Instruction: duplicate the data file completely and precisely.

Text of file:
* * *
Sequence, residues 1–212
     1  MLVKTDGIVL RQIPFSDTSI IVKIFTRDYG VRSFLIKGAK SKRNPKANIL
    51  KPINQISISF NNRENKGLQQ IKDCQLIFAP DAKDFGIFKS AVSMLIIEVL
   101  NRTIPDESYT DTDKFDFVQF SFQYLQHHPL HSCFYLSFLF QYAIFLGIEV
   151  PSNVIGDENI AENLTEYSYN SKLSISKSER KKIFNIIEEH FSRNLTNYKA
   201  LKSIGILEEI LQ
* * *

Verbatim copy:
Sequence, residues 1–212
     1  MLVKTDGIVL RQIPFSDTSI IVKIFTRDYG VRSFLIKGAK SKRNPKANIL
    51  KPINQISISF NNRENKGLQQ IKDCQLIFAP DAKDFGIFKS AVSMLIIEVL
   101  NRTIPDESYT DTDKFDFVQF SFQYLQHHPL HSCFYLSFLF QYAIFLGIEV
   151  PSNVIGDENI AENLTEYSYN SKLSISKSER KKIFNIIEEH FSRNLTNYKA
   201  LKSIGILEEI LQ